Every gardener I know constantly refines their relationship with their soils and plants, especially if you work in the same space over time.
When we built the CLB (Cute Little Building, the nickname of the building that houses my office and studio), we discovered that the area right in front of it is probably the hottest bit of our yard in the afternoon. (We face the southwest.)
Perfect for veggies.
Last year, I planted a few cherry tomatoes, beans and squash in this space. This year, I expanded the space, added cucumbers and extended the tomato trellis to accommodate more plants.
I’ve already got the expansion for next year underway.
At the same time, I’ve become enamored of the mulching and soil enhancing qualities of hay and have begun to use it liberally. (When combined with a thick layer of newspaper, it’s great for weed control between rows.)
I have to report that my tomatoes are very happy about all these refinements and returned my efforts with a bounty that just took our breath away.
Jay and I snacked on those tomatoes every time we passed by the vines on our way from the house to the office and back again. When the days got short and the weather cool, Jay harvested them and put about 50 pounds of green and red wonders in our freezer.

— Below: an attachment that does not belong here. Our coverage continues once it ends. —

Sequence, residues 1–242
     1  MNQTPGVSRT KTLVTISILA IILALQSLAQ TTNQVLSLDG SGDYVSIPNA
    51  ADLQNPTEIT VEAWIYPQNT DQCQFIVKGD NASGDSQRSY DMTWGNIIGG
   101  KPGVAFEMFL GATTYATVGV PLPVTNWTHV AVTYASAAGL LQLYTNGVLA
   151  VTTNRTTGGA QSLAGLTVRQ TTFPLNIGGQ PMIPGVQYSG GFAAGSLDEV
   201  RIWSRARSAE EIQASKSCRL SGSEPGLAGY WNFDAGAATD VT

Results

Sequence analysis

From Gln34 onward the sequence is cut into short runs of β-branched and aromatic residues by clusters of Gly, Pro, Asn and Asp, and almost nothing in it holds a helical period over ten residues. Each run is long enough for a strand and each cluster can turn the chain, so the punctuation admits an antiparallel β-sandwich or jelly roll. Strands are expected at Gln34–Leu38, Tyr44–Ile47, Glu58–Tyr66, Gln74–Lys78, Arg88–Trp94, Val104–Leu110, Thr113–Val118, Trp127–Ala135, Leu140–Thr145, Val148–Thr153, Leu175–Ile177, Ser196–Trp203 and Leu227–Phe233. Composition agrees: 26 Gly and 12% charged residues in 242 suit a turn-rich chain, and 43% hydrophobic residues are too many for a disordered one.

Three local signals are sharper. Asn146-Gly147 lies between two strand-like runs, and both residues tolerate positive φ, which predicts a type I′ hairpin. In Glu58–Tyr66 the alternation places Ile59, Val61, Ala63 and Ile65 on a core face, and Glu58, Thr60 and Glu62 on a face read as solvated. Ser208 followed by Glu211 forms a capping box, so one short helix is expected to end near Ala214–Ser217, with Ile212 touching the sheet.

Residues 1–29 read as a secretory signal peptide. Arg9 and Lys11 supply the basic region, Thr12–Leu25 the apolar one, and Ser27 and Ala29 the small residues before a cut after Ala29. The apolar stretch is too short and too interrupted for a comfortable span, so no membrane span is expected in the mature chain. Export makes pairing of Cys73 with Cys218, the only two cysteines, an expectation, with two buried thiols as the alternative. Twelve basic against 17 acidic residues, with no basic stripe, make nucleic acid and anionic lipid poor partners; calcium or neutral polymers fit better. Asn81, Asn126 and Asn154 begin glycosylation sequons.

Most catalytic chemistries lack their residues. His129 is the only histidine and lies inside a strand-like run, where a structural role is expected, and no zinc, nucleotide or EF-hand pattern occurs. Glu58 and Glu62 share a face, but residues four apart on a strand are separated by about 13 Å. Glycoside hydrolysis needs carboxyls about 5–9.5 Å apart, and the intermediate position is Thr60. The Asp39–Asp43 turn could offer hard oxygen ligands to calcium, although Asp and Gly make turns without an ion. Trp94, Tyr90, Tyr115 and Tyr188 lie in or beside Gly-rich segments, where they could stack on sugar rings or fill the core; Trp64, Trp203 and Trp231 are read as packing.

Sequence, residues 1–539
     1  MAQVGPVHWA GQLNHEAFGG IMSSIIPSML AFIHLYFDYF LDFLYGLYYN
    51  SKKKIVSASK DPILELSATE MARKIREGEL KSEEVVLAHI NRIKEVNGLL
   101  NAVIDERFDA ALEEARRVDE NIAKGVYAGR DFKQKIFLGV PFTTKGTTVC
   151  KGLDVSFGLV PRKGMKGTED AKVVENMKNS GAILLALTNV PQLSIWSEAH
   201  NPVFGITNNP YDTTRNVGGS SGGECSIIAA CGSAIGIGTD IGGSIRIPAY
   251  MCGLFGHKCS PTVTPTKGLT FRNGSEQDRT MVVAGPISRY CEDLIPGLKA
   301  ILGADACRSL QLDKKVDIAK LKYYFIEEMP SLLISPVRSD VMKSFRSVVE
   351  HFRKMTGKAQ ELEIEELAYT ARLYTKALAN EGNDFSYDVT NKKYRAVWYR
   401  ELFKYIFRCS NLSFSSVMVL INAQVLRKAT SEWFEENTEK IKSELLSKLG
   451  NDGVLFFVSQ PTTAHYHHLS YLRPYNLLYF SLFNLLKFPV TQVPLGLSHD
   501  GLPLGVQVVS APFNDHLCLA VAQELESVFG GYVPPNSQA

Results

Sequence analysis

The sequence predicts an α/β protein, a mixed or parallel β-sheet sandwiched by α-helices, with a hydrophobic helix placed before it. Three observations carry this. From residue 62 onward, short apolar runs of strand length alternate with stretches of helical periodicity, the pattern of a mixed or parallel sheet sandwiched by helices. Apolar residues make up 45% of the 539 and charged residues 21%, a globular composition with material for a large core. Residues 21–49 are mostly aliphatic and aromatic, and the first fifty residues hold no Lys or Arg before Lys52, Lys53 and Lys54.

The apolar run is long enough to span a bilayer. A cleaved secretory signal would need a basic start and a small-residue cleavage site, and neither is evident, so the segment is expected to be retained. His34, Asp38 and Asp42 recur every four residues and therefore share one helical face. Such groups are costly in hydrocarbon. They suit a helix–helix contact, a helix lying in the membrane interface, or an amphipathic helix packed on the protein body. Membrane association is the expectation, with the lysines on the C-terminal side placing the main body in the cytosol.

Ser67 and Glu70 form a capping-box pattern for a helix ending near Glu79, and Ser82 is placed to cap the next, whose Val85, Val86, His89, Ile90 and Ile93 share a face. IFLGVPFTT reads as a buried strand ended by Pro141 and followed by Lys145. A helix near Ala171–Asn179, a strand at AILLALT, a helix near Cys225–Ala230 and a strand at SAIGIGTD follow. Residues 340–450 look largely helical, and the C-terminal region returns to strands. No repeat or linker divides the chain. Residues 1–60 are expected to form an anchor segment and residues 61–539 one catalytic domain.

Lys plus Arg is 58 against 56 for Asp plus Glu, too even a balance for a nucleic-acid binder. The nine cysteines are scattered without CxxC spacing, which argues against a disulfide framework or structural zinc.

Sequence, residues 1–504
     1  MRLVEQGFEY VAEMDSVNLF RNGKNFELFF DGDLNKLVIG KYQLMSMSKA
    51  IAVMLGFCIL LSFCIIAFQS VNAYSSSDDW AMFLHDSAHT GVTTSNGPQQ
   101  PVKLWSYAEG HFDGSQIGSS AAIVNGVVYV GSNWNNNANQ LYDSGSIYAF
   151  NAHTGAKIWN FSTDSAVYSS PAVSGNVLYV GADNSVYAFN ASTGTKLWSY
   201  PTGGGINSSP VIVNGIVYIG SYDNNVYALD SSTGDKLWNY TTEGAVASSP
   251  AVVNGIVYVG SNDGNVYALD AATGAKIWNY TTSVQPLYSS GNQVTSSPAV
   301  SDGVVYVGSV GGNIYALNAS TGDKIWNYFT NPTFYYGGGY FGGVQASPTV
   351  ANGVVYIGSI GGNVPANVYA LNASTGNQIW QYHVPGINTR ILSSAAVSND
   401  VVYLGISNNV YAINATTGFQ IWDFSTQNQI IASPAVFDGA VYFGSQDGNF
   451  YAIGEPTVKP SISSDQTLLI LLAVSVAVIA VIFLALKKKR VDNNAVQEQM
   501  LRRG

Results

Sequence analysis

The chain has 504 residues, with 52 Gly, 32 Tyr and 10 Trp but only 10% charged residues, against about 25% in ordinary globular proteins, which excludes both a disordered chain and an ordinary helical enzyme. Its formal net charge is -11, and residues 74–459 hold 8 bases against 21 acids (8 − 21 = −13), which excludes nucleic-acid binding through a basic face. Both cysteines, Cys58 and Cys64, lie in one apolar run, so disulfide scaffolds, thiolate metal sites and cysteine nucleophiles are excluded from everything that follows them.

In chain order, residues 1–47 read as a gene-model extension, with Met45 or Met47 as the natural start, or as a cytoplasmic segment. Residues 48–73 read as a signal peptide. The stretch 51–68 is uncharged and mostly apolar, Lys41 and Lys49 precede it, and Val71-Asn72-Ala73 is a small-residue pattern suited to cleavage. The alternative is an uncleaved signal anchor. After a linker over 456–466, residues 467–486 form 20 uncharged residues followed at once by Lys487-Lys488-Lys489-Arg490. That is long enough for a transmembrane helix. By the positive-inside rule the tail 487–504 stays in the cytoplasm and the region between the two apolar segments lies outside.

I’ll tell ya, I will never go back to planting big tomatoes. First of all, our gardens get no morning sun so I’m not even sure we could grow large tomatoes. But processing cherry tomatoes is SO easy.
You just make sure the stems are removed, put them in freezer bags, and away you go.
We’re convinced that the green tomatoes are even better than the red in cooking over the course of the winter. You simply take out what you think you’re going to use, let them stand at room temperature until they get frosty white, and then cut them in half (or quarters for the bigger ones) and toss them into spaghetti sauce, soups, and chili.
If you let them thaw too long (it only takes about five minutes or so), they get mushy and hard to cut. Too frozen and it’s like chopping marbles.
We cooked a whole chicken last night, boiled the carcass for broth, stripped the last bits of meat off the bones, and then I built my chicken chili from that—with a couple of good handfuls of green cherry tomatoes.
The cool-weather cooking season has officially begun.